Summary: The Canadian government is reportedly considering waiving the requirement for about 400,000 temporary resident visa applicants in the backlog to show that they will leave Canada by the end of their authorized stay. According to a memorandum obtained by the Globe and Mail, the government was not going to communicate this change and people would only find out through sudden approvals. Lawyer Raj Sharma expressed concern that the move would cause stress on the immigration system, increase refugee claims, and lead to other consequences such as LMIA and work permit issues. The lawyers fear that it may send a message of amnesty, attract more applicants (with false hope), and potentially create more problems in the immigration system. The solution going forward, according to Raj Sharma, is to charge more money for TRVs and visitor visa applications and have an internal review mechanism in place.
Is IRCC going to waive requirements for visitor visas/TRVs caught up in the backlog? I don't think so -for a variety of reasons. An excerpt of our discussion on this topic is below (from the AMA Borderlines podcast session from last month):
Steven Meurrens: Yeah, for those who don't know the story, the Globe and Mail apparently obtained a memorandum of argument act. It was through, from what I understand, the journalist source at IRCC, it wasn't through an Accessed Information Act request or anything, which says that there's a huge backlog of temporary residence applications. I think it exceeds 1 million. On the temporary resident visa side, the government is considering for about 400,000 temporary resident visa applications in the backlog to just waive the requirement that applicant show that Lee will leave Canada by the end of the authorized stay.
Couple other things to note about the memo. Apparently there were not going to be plans to communicate this, that this was happening. It was just people would notice all of a sudden maybe that there were a lot of approvals coming really quick and that it would eventually come out in ATIP. So one of the questions that I got from a few people was, what do you think about this?
Raj Sharma: I think it's insane. I think it's insane. I think it's pie in the sky. I think there's going to be significant downstream effects to this. I can only imagine the reaction by overseas visa officers who have been tasked with determining whether this individual meets the requirements of the act and regulations. Now you're going to say just waive them. Look, they tried this with that spousal open work permit not too long ago and they said, "Hey, they should relax up on 179-B," and that didn't seem to have anything [inaudible 00:18:57]
Deanna: So tell me though, what's your fear? What do you see as the worst case scenario here, Raj?
Raj Sharma: You suddenly approve 400,000 people to come here on a visitor visa and [inaudible 00:19:12] in Canada and a significant number of them perhaps don't want to leave. You're going to stress the system. You're going to have LMIA and work permits under that. Obviously it's not even a new public policy anymore. So you let 400,000 individuals in you are going to impact other aspects of this system, whether it's the work permit regime, whether it's the refugee system.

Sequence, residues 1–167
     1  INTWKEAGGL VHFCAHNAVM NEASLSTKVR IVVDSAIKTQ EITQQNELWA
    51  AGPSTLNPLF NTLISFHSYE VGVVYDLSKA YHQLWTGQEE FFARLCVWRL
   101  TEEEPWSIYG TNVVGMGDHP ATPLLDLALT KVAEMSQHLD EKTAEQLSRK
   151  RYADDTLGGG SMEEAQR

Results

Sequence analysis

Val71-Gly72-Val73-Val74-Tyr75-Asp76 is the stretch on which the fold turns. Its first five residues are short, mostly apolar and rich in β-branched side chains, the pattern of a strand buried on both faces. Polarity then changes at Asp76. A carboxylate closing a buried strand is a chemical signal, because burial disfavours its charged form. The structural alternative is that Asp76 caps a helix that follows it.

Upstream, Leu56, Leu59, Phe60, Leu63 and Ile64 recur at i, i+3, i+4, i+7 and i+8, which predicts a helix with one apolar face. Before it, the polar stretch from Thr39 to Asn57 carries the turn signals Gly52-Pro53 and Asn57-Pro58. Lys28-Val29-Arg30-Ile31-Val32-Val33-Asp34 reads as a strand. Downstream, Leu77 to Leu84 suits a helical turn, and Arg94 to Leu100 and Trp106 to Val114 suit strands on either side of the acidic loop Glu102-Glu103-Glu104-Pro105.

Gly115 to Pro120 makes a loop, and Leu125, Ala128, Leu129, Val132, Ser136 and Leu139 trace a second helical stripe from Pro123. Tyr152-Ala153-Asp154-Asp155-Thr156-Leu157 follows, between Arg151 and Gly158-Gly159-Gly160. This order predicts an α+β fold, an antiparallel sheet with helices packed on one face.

Steven Meurrens: They estimate in the memo that it will lead to 8,600 refugee claims.
Raj Sharma: That's basically a third more than what they got right now per year. So every decision in immigration has corollary or secondary or tertiary impacts. Again, thinking as a visa officer, I can only imagine the reaction of these visa officers because some of these individuals that are trying to enter Canada have ulterior motives, not just overstay, not just working hard and fulfilling the Canadian dream. I mean, there are other nefarious actors out there as well. The message that you're sending, you kind of hinted at an amnesty or waiver in September, October. Now you're hinting at a whole stream, waiver of a requirement. So what do you do then? Are you setting the stage for an amnesty? Oh, we now have 400,000 plus the 500,000. I guess we have to do an amnesty. It sends us strange messages and I think that there's going to be seen and unseen consequences to this.
Steven Meurrens: Yeah, the fact that it leaked I think is actually also going to lead to more applications. I don't know if, when they do this, they're going to have a cutoff date for applications received before a certain date for sure. I've been contacted by a few individual and representatives who are just throwing applications in or planning on throwing applications in now hoping that it'll be bulk approved. On the judicial review side, I've been contacted saying, "Hey, can we get a quick consent? We want our application back in processing for when the bulk approvals start." So it's definitely created [inaudible 00:21:23]
Deanna: A buzz
Steven Meurrens: If anything else, has created a bit of a buzz that could lead to more of those downstream consequences.
Deanna: Especially because there's been talk also about the work permit for working age dependents at the end of January. Am I right? So this might also kind of tie in timing wise as well.
Steven Meurrens: So what is the solution to this backlog?
Raj Sharma: Well, the solution going forward is very clear. Charge more money for TRVs that have some sort of internal review mechanism in place, the visitor visa application, charge more or give that option. Okay, here's what it is for visitor visa application, for whatever decision. Charge more money and...
Deanna: A substantive appeal on the merits.